There is a growing public awareness of environmental hazards. Although little research has been done on the subject, playgrounds may pose subtle dangers. Some parks have been built on previously contaminated landfills. Others, especially those near freeways, may have high lead levels from automobile fumes. Some playgrounds surrounded by open land are sprayed with pesticides. Other playgrounds have wooden equipment that has been treated with wood preservatives or painted with lead based paint. Better planning by and playground owners and greater parental awareness could reduce the risks posed by such toxic chemicals.
When most people think of pool related injuries, they think of drowning and water aspiration. Drowning is the second most cause of accidental deaths in children, and the third most common in children aged one to four. Two thirds of the victims are non-swimmers.
Diving injuries also occur and can be very serious. However, older children and adolescents account for most of these. In younger children, falls and cuts are common-children slip on wet surfaces.
Toddlers are at particularly high risk for drowning. Their size makes even a small amount of water hazardous. In addition, they are often unsteady and fall easily, and they seldom know how to swim.
The key, then, to preventing drowning is to teach your children how to swim. Toddler swimming lessons have been controversial, but they can be worthwhile-especially if the disadvantages to them are understood. Children who have had some form of swimming lessons are only one half as likely to need some type of assistance in the pool as children with no training. Also, toddlers who start swimming earlier are more likely to become competent swimmers as adults.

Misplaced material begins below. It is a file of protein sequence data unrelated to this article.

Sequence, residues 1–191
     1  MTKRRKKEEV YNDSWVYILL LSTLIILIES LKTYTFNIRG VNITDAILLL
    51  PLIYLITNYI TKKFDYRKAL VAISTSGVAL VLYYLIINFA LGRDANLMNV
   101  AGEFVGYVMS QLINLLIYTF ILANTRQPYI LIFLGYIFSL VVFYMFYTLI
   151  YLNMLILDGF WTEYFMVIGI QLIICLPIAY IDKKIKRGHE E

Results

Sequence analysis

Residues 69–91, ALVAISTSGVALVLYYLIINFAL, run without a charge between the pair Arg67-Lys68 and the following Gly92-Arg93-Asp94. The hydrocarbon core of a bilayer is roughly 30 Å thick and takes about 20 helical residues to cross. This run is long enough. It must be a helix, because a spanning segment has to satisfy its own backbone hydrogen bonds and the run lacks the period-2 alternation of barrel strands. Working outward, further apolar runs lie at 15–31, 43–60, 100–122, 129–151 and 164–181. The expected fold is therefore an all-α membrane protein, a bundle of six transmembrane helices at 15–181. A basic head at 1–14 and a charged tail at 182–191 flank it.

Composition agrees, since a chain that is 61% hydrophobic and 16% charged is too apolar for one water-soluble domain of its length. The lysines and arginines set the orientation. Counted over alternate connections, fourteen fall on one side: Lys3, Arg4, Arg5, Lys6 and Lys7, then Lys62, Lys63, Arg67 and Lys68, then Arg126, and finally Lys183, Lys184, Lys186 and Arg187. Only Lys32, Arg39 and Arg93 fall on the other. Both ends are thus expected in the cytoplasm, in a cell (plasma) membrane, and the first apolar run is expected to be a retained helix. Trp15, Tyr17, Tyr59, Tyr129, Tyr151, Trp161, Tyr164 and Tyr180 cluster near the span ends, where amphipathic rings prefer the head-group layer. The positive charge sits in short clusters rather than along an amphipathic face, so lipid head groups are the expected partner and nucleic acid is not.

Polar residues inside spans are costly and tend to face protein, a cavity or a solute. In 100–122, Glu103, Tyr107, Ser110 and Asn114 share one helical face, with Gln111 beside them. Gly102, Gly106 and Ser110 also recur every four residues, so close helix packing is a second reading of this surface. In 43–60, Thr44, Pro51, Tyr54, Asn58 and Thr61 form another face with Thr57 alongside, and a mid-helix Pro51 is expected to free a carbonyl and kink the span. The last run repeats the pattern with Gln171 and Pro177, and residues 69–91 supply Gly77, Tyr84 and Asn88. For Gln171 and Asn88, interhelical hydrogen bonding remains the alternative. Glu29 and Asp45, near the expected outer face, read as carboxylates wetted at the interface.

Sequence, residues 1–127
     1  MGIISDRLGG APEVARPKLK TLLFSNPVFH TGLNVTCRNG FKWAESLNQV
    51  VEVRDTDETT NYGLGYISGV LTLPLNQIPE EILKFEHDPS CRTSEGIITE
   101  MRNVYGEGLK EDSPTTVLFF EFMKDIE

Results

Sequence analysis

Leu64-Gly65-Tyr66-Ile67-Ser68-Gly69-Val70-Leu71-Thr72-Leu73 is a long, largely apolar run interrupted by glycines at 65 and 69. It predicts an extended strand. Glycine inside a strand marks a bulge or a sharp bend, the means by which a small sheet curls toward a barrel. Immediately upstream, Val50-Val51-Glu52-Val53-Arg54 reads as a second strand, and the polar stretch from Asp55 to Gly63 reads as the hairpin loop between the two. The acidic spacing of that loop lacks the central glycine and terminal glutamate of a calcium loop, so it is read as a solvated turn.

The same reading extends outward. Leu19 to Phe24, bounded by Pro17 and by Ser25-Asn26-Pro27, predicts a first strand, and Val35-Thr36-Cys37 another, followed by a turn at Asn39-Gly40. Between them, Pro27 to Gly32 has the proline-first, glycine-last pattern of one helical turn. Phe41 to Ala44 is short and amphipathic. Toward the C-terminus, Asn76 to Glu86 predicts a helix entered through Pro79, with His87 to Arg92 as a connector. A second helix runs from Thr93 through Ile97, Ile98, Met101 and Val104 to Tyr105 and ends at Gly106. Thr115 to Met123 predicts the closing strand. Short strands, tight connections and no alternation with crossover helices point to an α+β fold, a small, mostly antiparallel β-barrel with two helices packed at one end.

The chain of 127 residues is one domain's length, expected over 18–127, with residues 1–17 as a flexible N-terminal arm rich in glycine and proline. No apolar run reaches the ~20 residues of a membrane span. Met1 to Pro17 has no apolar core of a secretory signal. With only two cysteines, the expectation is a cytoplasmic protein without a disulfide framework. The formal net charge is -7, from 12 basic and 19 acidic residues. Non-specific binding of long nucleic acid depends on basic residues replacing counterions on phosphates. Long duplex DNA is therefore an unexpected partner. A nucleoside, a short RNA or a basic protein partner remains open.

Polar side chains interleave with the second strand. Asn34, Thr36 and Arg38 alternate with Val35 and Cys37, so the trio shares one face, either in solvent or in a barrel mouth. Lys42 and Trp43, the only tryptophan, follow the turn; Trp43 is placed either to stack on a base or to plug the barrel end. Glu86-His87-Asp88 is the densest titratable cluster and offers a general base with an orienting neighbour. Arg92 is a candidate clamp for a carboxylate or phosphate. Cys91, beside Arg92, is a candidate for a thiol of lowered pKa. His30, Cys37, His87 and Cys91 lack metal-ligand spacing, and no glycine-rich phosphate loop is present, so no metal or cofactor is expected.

The biggest disadvantage to toddler swimming lessons is that afterward parents believe the child is water-safe and don’t watch her as carefully as they might if there had been no lessons. Although your child may be more comfortable in the water after taking swimming lessons, she really can’t swim well, nor can she be expected how to react to emergencies.
Infant swimming lessons have other drawbacks. Prolonged lessons have been associated with water intoxication. Therefore, the YMCA recommends prohibiting forced submersion and limiting in-water time to thirty minutes. In addition, when children are still in diapers, it becomes difficult to maintain the effectiveness of the pool’s chlorination. There have been reports of epidemics of diarrheal diseases from infant swimming classes.
Besides swimming lessons, there are other precautions that may help prevent pool accidents. Fences and self-locking gates around public and private pools may prevent a toddler from toppling in while unattended. Adequate supervision from both parents and lifeguards is a necessity. Children should be taught to follow rules in the pool area, such as no running and no diving in shallow water. Finally, use lifejackets on young children who don’t know how to swim, but don’t become complacent-life jackets too, can fail.
Similarly, bear in mind that inner tubes, air mattresses and other flotation devices are for fun only, and must not be trusted in deep water, or if your child is out is out of sight. Toys break, inflatables' deflate. Don’t place your child in unnecessary peril by trusting such devices.
By their very nature, playgrounds and pools can be hazardous places unless a certain amount of caution is exercised. You can teach your children how to be careful, and keep playgrounds and pools safe recreational places.